Facebook didn’t stop when it hit 1 billion users. And it won’t stop even if it connects everyone with web access. “To make the world more open and connected” really means the world — every human regardless of location or income. That’s why CEO Mark Zuckerberg says he’s “retooling the company to take on a lot of harder problems” — specifically spreading the Internet itself.
Last month, Zuckerberg launched Internet.org with a 10-page whitepaper he wrote himself. It’s a web access initiative and partnership with six telecommunications and mobile companies. Together, they’ll build new data-compression technologies, network infrastructure, and business models that make it possible to not only get everyone a smartphone, but make the data that powers them affordable. This is critical because most of the cost of owning a smartphone is the data, not the hardware.
Some will say it’s simply Facebook’s plot to get more users, but at its core, the mission is truly altruistic. Internet access leads to education, empowerment, and economic mobility. Everywhere it’s come it’s increased GDP and helped people stay in closer touch with those they love. Could it earn money for Facebook? Sure. But that doesn’t make it the driving motive.
Though Zuckerberg is championing the cause, it won’t just be some hobby of his. It’s Facebook’s new mandate. But really, it’s an extension of what the social network been doing since 2004.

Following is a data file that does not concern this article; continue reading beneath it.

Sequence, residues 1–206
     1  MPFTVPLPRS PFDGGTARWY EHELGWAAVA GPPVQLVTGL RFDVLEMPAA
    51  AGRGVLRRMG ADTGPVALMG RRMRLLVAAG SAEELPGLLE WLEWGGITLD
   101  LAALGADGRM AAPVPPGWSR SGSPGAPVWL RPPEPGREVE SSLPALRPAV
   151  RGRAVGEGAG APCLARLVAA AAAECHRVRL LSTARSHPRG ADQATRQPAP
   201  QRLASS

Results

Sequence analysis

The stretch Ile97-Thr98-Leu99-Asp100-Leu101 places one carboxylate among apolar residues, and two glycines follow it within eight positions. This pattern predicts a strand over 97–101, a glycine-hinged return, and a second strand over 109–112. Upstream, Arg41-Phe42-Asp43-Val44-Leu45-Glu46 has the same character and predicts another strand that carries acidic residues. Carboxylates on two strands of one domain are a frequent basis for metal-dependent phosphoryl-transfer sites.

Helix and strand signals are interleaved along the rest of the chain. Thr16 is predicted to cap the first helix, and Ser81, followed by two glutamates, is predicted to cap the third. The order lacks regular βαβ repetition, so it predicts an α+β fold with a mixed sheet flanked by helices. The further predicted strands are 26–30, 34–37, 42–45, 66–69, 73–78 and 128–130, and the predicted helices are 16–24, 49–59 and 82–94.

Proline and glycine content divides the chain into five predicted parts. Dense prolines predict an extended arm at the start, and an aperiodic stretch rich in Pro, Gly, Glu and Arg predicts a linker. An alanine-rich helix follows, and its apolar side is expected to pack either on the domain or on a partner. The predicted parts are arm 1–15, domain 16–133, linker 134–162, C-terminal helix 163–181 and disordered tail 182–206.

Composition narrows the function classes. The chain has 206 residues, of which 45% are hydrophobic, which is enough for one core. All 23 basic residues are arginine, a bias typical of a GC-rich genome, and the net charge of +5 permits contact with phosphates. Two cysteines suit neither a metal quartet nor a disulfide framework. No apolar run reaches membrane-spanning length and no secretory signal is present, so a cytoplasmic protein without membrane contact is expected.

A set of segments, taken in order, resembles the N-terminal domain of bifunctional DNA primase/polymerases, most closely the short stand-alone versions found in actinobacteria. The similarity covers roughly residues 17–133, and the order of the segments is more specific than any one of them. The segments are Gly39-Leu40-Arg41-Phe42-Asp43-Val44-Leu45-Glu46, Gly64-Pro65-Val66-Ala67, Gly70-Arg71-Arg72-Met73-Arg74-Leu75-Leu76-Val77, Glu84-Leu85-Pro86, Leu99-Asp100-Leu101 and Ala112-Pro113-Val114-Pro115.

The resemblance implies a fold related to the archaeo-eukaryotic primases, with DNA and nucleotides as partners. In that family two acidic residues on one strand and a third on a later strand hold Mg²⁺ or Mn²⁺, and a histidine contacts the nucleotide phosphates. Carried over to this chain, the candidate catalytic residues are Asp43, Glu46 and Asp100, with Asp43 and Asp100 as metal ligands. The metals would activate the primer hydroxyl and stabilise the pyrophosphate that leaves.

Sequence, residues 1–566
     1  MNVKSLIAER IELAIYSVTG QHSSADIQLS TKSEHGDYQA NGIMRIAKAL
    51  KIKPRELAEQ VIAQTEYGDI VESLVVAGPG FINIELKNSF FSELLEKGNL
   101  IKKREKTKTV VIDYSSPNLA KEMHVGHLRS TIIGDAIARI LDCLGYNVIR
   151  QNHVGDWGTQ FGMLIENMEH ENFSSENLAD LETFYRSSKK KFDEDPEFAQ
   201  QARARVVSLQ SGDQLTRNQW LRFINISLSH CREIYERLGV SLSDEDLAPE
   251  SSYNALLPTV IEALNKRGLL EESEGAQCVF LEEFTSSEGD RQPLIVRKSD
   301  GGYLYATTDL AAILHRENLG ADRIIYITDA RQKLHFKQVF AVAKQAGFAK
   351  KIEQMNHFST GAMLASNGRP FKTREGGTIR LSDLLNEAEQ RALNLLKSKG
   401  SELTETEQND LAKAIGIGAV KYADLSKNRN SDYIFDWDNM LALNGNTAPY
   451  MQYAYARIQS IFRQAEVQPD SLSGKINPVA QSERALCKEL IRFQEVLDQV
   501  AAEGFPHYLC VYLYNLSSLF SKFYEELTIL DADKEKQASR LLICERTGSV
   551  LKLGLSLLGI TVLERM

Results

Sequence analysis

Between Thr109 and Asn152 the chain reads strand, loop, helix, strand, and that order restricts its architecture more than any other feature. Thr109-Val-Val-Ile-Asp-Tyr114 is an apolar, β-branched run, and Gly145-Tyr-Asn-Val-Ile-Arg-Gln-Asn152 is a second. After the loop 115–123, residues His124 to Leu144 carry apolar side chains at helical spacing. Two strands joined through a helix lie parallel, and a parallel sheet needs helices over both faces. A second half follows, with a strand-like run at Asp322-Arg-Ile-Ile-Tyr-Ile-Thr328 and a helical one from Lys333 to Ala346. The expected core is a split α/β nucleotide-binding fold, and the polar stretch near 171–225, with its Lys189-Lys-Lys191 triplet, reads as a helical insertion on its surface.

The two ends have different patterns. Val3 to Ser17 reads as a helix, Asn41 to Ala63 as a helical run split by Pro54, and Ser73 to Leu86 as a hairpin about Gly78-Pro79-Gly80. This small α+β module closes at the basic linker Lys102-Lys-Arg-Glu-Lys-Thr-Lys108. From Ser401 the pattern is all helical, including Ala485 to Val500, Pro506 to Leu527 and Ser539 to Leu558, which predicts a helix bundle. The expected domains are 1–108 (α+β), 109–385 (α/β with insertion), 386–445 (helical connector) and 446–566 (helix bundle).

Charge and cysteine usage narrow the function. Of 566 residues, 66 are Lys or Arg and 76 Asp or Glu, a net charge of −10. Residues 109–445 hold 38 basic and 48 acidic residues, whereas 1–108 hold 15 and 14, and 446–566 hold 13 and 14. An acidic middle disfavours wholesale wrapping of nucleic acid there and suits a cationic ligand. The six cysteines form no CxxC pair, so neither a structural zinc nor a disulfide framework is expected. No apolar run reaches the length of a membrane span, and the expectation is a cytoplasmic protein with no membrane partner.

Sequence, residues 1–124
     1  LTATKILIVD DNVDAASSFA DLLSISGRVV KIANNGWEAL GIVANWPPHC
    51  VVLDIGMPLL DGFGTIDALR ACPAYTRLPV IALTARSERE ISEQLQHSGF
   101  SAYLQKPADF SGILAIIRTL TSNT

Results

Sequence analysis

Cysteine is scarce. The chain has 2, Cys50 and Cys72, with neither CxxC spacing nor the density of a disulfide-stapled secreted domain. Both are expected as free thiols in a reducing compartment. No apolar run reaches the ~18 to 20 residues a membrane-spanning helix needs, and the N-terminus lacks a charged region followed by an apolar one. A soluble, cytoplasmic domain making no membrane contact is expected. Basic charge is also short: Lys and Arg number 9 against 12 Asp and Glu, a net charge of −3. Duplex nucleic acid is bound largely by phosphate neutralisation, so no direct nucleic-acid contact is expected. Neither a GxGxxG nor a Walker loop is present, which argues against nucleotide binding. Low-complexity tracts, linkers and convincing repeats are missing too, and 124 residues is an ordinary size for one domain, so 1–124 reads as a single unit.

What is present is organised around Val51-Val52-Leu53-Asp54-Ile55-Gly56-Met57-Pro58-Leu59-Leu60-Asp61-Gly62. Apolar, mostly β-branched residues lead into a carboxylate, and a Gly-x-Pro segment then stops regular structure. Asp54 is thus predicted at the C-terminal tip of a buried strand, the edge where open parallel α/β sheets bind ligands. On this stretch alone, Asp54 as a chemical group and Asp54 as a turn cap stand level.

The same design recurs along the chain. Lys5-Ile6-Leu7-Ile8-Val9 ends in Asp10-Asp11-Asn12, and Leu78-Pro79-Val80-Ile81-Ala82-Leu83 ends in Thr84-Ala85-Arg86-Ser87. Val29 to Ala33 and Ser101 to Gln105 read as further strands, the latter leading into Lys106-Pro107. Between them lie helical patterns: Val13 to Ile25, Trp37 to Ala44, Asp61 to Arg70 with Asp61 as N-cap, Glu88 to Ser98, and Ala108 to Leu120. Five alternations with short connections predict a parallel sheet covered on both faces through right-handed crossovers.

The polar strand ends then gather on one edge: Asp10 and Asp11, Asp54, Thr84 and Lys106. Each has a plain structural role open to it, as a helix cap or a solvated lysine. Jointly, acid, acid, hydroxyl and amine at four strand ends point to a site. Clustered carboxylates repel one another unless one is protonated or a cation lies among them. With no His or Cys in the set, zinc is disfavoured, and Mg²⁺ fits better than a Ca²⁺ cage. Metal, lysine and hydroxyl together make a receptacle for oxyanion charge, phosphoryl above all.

“The tactics change all the time”, but not the mission, Mark Zuckerberg said on stage. You can watch the full interview below
The still-young CEO discussed how businesses break down into two categories. “There are companies that define themselves by the way they do things, and companies that define themselves by a concrete way they change the world.” The latter is preferable to him. It’s why Zuckerberg grew up idolizing Bill Gates and his mission to put “a computer on every desk and in every home.”
Creating a mission that matters requires doing something audacious, and the values that get you there aren’t always universally popular. “I’m of the belief that values are only useful if they’re controversial,” said Zuckerberg. He chided companies for posting hollow lists of values like “be honest,” saying of course you have to be honest.
Facebook’s controversial value has been “Move Fast And Break Things.” Employees are encouraged to build, experiment, and iterate rather than sit on new products until they’re perfect. Zuckerberg laughed. “It gets us into tons of trouble,” and he admits it’s still important to “slow down and fix your shit.” But the philosophy has helped Facebook evolve quickly and avoid being disrupted.
It’s also led Facebook to 1 billion active users. But Zuckerberg says “A billion isn’t a magical number. No one wakes up and says ‘I want to get one-seventh of the world to do something.'”
Yet in a moment of humility, when Michael Arrington asked if Zuckerberg wants everyone on Facebook, he said “Of course we do, but I don’t think that’s realistic.” There will always be people who don’t like a particular tool. You don’t have to look far on the Internet for people who hate Facebook, yet we’re wired to share. Whether its via SMS, email, Twitter, or its own social network, Internet.org and Facebook’s task is to give people access and let them choose how to communicate.
All humans want to be connected, Zuckerberg concluded. And with a glint in his eye about his own purpose on this planet and that of his company, Zuckerberg exclaimed, “That’s why we’re here.”
[Image Via Anton Balazh / Shutterstock.com]